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Strong, bold, and kind: self-control and cooperation in social dilemmas

Martin Kocher (), Peter Martinsson, Kristian Ove R. Myrseth () and Conny E. Wollbrant ()
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Kristian Ove R. Myrseth: University of St Andrews
Conny E. Wollbrant: University of Gothenburg

Experimental Economics, 2017, vol. 20, issue 1, 44-69

Abstract: Abstract We develop a model that relates self-control to cooperation patterns in social dilemmas, and we test the model in a laboratory public goods experiment. As predicted, we find a robust association between stronger self-control and higher levels of cooperation, and the association is at its strongest when the decision maker’s risk aversion is low and the cooperation levels of others high. We interpret the pattern as evidence for the notion that individuals may experience an impulse to act in self-interest—and that cooperative behavior benefits from self-control. Free-riders differ from other contributor types only in their tendency not to have identified a self-control conflict in the first place.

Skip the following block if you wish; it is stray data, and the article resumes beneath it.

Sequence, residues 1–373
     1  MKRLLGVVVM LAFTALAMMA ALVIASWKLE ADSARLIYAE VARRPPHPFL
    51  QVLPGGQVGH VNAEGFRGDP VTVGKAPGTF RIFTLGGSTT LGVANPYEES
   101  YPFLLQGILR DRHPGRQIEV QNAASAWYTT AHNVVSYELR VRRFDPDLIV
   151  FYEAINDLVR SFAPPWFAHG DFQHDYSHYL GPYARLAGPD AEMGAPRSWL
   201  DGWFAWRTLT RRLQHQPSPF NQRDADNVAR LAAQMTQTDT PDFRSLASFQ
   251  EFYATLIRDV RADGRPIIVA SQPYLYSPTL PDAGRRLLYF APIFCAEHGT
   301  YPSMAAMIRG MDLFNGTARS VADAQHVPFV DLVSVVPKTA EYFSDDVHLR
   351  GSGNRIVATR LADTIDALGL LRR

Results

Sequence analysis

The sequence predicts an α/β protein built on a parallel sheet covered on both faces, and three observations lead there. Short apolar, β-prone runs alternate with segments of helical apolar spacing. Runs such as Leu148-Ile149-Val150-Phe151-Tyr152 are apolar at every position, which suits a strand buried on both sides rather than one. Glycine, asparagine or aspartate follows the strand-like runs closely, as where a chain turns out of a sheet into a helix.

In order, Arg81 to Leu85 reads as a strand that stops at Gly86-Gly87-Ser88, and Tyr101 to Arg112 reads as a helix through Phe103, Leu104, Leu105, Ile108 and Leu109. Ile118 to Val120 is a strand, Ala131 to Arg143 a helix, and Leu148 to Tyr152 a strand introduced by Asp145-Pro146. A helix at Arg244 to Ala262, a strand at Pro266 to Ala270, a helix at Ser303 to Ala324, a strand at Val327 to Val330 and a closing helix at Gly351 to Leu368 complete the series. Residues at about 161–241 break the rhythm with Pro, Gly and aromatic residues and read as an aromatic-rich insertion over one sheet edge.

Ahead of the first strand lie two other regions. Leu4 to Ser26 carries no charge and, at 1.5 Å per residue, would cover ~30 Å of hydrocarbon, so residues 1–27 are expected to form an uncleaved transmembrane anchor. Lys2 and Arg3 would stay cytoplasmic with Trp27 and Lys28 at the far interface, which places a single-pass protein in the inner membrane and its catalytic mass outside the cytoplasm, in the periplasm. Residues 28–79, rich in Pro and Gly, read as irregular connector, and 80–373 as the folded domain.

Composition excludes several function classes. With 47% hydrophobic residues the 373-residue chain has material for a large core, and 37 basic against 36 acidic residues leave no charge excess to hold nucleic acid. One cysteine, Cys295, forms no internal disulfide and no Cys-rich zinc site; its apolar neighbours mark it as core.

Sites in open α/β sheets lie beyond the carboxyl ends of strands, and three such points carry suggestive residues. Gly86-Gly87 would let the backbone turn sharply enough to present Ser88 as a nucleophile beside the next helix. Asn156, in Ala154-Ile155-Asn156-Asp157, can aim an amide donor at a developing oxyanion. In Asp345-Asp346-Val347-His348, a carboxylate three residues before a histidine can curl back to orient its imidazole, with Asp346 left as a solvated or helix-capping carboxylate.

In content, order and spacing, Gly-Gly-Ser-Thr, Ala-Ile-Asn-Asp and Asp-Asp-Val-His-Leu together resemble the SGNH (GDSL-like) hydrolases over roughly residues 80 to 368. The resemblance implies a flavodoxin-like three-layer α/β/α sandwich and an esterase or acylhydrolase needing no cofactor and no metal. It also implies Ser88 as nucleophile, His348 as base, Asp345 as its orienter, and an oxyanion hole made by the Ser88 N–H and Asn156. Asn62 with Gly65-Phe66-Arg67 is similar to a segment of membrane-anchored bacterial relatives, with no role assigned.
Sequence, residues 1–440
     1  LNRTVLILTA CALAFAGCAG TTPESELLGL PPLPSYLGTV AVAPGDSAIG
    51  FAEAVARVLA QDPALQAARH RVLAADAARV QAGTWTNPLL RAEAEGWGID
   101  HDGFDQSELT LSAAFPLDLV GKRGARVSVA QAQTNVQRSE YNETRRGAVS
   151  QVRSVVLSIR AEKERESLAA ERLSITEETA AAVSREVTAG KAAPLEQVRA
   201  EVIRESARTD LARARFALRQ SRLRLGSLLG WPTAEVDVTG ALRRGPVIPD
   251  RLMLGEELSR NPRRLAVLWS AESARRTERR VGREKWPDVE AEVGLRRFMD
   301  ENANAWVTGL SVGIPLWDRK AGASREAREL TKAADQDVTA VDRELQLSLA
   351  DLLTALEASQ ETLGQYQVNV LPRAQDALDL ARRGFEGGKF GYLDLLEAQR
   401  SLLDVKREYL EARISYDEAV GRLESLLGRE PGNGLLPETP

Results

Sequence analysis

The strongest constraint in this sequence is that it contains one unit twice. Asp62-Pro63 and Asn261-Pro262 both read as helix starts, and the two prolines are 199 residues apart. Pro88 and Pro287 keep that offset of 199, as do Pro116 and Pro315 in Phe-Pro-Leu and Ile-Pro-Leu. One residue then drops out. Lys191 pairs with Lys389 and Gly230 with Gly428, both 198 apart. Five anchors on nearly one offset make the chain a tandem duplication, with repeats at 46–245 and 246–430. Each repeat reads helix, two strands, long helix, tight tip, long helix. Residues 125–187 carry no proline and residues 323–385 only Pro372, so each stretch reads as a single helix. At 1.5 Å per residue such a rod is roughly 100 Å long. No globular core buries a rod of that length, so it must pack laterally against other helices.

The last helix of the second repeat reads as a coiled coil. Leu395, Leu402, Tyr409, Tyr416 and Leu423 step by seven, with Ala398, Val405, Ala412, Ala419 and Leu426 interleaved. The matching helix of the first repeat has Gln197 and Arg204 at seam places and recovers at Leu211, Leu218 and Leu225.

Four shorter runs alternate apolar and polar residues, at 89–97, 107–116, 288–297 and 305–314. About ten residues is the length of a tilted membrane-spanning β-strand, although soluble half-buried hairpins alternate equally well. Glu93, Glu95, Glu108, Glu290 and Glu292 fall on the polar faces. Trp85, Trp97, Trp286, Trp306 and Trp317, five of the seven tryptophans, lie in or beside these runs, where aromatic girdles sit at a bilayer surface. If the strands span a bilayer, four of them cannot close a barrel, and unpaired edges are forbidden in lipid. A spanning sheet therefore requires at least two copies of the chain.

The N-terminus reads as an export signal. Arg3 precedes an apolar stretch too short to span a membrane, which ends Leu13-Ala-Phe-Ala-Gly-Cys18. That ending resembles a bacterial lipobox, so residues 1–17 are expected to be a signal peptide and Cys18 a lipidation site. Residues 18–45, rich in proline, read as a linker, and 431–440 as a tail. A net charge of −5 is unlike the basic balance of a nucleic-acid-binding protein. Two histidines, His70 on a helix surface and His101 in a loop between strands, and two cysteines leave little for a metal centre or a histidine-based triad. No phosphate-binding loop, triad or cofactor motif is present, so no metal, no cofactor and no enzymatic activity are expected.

Keywords: Experiment; Public good; Self-control; Cooperation; Risk; C91; D03; H40 (search for similar items in EconPapers)
Date: 2017
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Related works:
Working Paper: Strong, Bold, and Kind: Self-Control and Cooperation in Social Dilemmas (2013) Downloads
Working Paper: Strong, bold, and kind: Self-control and cooperation in social dilemmas (2013) Downloads
Working Paper: Strong, Bold, and Kind: Self-Control and Cooperation in Social Dilemmas (2013) Downloads
Working Paper: Strong, Bold, and Kind: Self-Control and Cooperation in Social Dilemmas (2012) Downloads
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